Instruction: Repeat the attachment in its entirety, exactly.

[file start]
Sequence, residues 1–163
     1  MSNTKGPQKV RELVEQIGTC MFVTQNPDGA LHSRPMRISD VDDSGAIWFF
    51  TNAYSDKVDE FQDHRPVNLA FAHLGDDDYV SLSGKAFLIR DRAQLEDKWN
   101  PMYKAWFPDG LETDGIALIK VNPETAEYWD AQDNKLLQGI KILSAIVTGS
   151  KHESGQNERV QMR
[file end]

Sequence, residues 1–163
     1  MSNTKGPQKV RELVEQIGTC MFVTQNPDGA LHSRPMRISD VDDSGAIWFF
    51  TNAYSDKVDE FQDHRPVNLA FAHLGDDDYV SLSGKAFLIR DRAQLEDKWN
   101  PMYKAWFPDG LETDGIALIK VNPETAEYWD AQDNKLLQGI KILSAIVTGS
   151  KHESGQNERV QMR